The angled forward corner steady winder bolts are as tricky to reach as ever, sadly, despite the long guide tubes, but the rears are fine – and you won’t hear us complaining about the heavy-duty legs, either. Other things we like are that the entrance door is on the UK side, with the services ranked along the offside wall.
It’s not exactly a flyweight, however. At well over 8m long and with an MTPLM of 1750kg, your tow car will need to weigh at least 2059kg if you’re a stickler for fully laden 85% matches, and you’ll need it to pitch the van.
Adria has left the Adora’s lounge pretty much as it was the previous year. And having run a long-term Rhine on our fleet for several months, we’re happy about that.
One thing that has changed is the seat-base material. Gone is the rather flimsy plywood that was prone – in the case of our example, at any rate – to failure; the latest models get sprung bases, and that makes a world of difference in perceived quality and comfort by day and night.
Elsewhere, Isonzo 2016 is pretty much as per Isonzo 2015. And that means neutral soft furnishings with contrasting dark curtains, thick, comfortable seat squabs and a U-shaped seating arrangement that, in the absence of the central chest of drawers (the Isonzo has a small folding shelf ), feels uncommonly spacious. You could seat seven or eight people – either for lounging or dining – with ease.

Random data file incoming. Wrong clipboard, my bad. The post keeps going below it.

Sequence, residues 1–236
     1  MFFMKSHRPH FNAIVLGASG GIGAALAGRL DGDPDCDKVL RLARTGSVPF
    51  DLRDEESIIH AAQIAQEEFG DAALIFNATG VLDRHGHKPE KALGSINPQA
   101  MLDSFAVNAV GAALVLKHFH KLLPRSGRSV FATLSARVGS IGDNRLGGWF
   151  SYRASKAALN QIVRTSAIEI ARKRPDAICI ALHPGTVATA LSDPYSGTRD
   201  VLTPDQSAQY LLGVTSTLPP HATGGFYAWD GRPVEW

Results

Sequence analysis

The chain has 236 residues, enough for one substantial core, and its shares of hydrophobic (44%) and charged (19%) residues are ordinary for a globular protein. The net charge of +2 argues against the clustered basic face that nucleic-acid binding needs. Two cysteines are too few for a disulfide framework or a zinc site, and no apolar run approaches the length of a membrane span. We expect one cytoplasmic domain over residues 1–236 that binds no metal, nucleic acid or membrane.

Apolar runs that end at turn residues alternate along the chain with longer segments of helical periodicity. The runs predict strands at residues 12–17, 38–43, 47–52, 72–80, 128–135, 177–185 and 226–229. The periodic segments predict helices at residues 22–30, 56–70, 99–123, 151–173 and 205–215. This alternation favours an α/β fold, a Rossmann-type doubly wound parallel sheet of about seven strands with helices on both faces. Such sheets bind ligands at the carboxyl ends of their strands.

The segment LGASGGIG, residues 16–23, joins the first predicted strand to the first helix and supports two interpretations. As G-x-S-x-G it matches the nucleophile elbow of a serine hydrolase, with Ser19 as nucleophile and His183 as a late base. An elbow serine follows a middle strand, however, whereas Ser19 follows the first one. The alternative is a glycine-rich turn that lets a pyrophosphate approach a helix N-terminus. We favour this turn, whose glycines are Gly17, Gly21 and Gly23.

The ambience in here is as pleasing as ever, too. It always feels beautifully lit, thanks to the large, deep front windows and the standard-fit opening panoramic rooflight. After-hours lighting is good, too – the usual adjustable reading lights are aided and abetted by three powerful halogen downlighters just aft of the big rooflight.
Moving into the kitchen and this area has long been one of Adria’s strengths. The gigantic drawers have been retained for 2016, likewise the generous worktop space and the clever design of unitary hob and sink, which is made in such a way as to drain any pan spills straight into the sink. The hob comprises three gas burners.
The big news concerns the cooker. It retains its separate oven and grill, but has been located at a more accessible level below the worktop rather than almost at eye level.